Ideal Gases We are going to assume the gases behave ideally- in other words, they obey the Gas Laws under all conditions of temperature and pressure An ideal gas does not really exist, but it makes the math easier and is a close approximation. Particles have no volume? Wrong! No attractive forces? Wrong!
Ideal Gases There are no gases for which this is true (acting ideal); however, Real gases behave this way at a) high temperature, and b) low pressure. Because at these conditions, a gas will stay a gas ! Sample Problem 14.5, page 427
#6. Ideal Gas Law 2 P x V = m x R x T M Allows LOTS of calculations, and some new items are: m = mass, in grams M = molar mass, in g/mol Molar mass = m R T P V
Density Density is mass divided by volume m V so, m M P V R T D = =
Ideal Gases dont exist, because: 1. 1. Molecules do take up space 2. 2. There are attractive forces between particles - otherwise there would be no liquids formed
Real Gases behave like Ideal Gases... When the molecules are far apart. The molecules do not take up as big a percentage of the space We can ignore the particle volume. This is at low pressure
Real Gases behave like Ideal Gases… When molecules are moving fast This is at high temperature Collisions are harder and faster. Molecules are not next to each other very long. Attractive forces cant play a role.
Section 14.4 Gases: Mixtures and Movements OBJECTIVES: Relate the total pressure of a mixture of gases to the partial pressures of the component gases.
Section 14.4 Gases: Mixtures and Movements OBJECTIVES: Explain how the molar mass of a gas affects the rate at which the gas diffuses and effuses.
#7 Daltons Law of Partial Pressures For a mixture of gases in a container, P Total = P 1 + P 2 + P 3 +... P 1 represents the partial pressure, or the contribution by that gas. Daltons Law is particularly useful in calculating the pressure of gases collected over water.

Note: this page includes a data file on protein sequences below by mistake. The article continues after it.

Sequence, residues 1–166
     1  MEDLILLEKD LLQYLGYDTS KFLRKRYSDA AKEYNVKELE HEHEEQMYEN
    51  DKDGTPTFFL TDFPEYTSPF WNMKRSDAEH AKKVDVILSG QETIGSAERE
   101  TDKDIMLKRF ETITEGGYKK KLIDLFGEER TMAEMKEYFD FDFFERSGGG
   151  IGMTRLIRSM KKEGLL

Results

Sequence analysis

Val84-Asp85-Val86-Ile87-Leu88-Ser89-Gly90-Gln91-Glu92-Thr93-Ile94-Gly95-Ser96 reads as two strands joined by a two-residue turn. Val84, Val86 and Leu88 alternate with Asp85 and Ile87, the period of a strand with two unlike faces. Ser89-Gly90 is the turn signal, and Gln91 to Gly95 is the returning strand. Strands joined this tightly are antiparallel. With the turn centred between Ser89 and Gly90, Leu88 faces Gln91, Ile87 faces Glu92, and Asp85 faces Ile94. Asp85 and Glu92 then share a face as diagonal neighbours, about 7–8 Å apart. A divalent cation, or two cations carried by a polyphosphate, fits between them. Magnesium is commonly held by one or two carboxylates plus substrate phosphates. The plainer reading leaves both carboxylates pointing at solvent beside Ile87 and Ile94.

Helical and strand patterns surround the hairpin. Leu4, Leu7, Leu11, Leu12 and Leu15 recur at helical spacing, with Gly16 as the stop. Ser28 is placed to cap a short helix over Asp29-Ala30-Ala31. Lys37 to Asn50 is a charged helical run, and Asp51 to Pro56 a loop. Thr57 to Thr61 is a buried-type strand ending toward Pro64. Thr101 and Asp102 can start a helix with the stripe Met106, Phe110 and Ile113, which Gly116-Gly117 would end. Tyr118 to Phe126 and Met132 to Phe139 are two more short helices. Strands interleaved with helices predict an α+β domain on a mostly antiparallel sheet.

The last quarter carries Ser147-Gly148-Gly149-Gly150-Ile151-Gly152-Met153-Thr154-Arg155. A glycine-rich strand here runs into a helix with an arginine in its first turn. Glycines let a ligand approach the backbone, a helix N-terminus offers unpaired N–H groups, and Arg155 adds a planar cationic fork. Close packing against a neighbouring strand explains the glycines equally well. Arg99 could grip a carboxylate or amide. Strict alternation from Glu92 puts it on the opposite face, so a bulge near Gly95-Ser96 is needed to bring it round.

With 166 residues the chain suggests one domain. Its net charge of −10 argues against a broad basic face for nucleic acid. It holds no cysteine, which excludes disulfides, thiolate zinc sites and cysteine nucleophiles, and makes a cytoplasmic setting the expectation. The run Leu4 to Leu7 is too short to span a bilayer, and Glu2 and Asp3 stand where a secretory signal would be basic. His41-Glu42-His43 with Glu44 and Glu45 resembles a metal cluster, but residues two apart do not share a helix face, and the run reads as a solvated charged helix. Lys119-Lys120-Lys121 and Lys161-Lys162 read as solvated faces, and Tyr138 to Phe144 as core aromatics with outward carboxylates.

Collecting a gas over water – one of the experiments in Chapter 14 involves this. Connected to gas generator
If the first three containers are all put into the fourth, we can find the pressure in that container by adding up the pressure in the first 3: 2 atm + 1 atm + 3 atm = 6 atm Sample Problem 14.6, page 434 1 2 3 4
Diffusion is: Effusion: Gas escaping through a tiny hole in a container. Both of these depend on the molar mass of the particle, which determines the speed. u Molecules moving from areas of high concentration to low concentration. u Example: perfume molecules spreading across the room.
Diffusion: describes the mixing of gases. The rate of diffusion is the rate of gas mixing. Molecules move from areas of high concentration to low concentration. Fig. 14.18, p. 435
Effusion: a gas escapes through a tiny hole in its container -Think of a nail in your car tire… Diffusion and effusion are explained by the next gas law: Grahams
8. Grahams Law The rate of effusion and diffusion is inversely proportional to the square root of the molar mass of the molecules. Derived from: Kinetic energy = 1/2 mv 2 m = the molar mass, and v = the velocity. Rate A Mass B Rate B Mass A =
Sample: compare rates of effusion of Helium with Nitrogen – done on p. 436 With effusion and diffusion, the type of particle is important: Gases of lower molar mass diffuse and effuse faster than gases of higher molar mass. Helium effuses and diffuses faster than nitrogen – thus, helium escapes from a balloon quicker than many other gases! Grahams Law